“Likewise,” I said. That had been two weeks earlier. She had to have known even then she was leaving.
I walked to her mirror and looked at all the ribbons and pictures she had taped around it: spelling bees, honor roll, shots from the mall photo booth of her friends making faces and laughing, their arms looped around each other.
There were a couple of us, too. One from a Christmas when we were kids, both of us in little red dresses and white tights, holding hands, and one from a summer at the lake where we're sitting at the end of a dock, legs dangling over, in our matching blue polka-?dot bathing suits, eating Popsicles. On the other side of the wall, in my room, I had the same bed, the same bureau set, and the same mirror.
But on my mirror, I had one picture of my best friend, Rina, my third-?place ribbon from horseback riding, and my certificate from the B honor roll. Most people would have been happy with that. But for me, with Cass always blazing the trail ahead, there was nothing to do but pale in comparison.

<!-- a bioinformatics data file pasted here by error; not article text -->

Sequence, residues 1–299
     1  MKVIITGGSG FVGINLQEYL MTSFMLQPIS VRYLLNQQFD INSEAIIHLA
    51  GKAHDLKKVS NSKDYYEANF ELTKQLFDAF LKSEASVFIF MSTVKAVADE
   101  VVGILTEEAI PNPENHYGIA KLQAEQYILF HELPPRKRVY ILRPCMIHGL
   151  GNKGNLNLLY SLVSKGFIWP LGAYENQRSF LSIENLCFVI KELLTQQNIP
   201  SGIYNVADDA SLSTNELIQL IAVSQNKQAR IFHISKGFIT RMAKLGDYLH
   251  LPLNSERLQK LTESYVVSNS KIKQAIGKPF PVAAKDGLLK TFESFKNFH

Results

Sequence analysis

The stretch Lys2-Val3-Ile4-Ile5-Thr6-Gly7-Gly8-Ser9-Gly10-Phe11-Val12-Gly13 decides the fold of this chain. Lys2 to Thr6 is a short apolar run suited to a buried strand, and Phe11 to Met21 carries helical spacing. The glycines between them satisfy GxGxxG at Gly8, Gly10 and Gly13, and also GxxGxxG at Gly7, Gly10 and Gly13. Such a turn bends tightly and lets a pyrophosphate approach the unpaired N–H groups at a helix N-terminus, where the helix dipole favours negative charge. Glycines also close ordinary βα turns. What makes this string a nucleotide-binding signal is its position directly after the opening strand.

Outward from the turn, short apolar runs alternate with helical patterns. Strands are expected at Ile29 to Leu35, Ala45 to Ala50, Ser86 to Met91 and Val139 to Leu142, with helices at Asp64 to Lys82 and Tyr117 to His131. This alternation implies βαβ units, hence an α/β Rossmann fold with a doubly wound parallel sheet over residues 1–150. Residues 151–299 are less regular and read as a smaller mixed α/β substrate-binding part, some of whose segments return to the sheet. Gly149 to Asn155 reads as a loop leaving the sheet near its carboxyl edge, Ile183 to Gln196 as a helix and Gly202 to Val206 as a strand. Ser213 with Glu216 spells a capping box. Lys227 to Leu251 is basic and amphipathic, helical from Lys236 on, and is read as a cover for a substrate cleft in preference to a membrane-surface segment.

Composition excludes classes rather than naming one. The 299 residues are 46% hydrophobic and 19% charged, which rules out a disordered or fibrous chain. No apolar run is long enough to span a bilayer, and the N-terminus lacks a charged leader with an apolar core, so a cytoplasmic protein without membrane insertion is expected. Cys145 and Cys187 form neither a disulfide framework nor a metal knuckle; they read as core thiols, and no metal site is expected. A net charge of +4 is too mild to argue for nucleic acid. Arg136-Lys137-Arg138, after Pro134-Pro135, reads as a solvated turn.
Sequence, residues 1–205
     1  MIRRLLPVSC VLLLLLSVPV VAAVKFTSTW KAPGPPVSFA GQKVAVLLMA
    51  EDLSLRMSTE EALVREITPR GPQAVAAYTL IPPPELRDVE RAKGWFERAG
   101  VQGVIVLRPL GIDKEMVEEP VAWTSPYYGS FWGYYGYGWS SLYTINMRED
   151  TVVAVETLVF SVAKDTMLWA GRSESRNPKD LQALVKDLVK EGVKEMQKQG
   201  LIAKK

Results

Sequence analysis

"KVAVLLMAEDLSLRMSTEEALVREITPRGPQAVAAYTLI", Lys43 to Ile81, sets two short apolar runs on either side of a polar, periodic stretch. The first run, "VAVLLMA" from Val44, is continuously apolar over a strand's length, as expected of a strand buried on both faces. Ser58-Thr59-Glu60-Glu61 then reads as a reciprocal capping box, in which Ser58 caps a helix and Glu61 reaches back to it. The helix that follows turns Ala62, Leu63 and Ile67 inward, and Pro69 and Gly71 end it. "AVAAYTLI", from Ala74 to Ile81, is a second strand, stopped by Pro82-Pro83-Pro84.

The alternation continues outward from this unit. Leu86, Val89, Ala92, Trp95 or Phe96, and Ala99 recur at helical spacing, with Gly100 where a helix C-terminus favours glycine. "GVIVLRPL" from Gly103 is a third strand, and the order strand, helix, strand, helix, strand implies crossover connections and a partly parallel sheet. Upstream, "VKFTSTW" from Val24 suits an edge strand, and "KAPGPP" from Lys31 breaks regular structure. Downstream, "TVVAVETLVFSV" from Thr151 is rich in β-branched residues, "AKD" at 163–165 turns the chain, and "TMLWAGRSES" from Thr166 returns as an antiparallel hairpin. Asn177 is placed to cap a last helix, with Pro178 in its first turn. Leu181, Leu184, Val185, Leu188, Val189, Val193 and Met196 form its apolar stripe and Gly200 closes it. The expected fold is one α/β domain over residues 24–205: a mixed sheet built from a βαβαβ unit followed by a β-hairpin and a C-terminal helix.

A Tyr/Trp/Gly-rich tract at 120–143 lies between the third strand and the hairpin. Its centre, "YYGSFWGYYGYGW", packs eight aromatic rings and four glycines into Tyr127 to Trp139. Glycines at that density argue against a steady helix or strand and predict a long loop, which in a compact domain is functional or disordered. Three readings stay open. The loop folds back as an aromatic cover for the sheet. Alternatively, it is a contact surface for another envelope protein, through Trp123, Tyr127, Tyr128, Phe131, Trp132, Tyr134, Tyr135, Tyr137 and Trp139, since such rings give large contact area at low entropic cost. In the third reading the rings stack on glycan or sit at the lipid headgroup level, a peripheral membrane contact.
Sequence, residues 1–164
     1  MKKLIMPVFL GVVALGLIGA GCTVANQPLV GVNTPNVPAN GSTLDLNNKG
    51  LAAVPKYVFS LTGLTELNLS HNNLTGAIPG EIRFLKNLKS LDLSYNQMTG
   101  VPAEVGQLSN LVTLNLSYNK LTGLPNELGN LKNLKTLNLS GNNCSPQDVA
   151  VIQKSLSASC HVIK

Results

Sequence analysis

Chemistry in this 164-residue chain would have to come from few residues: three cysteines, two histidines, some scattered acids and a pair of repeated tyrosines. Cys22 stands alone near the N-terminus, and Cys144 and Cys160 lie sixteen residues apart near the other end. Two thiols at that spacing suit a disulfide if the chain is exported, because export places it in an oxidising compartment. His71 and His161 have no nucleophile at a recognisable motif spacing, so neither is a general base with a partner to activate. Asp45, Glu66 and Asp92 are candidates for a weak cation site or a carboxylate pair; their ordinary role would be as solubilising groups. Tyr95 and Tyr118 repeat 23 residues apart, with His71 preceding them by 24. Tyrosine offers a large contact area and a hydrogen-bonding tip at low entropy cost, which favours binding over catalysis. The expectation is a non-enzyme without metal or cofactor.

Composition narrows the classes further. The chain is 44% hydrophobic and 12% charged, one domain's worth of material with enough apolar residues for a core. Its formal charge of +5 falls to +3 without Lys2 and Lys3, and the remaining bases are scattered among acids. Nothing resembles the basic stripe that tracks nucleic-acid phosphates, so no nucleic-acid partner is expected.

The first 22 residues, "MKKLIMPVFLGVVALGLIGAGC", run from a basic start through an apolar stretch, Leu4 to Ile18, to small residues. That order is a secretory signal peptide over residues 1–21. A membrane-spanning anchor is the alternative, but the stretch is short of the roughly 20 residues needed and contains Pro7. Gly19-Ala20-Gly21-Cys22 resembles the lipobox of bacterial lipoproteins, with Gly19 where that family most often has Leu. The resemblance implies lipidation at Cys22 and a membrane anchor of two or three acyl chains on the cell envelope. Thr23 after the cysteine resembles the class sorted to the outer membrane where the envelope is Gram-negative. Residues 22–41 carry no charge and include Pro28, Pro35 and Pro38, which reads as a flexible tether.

Okay, so maybe I was jealous, now and then, but I could never have hated Cass. She came to all my competitions, cheering the loudest as I went for the bronze. She was the first one waiting for me when I came off the ice during my only skating competition, after falling on my ass four times in five minutes.
She didn't even say anything, just took off her mittens, gave them to me, and helped me back to the dressing rooms where I cried in private as she unlaced my skates, telling knock-?knock jokes the whole time. To be honest, a part of me had been looking forward to Cass going off to Yale at the end of the summer.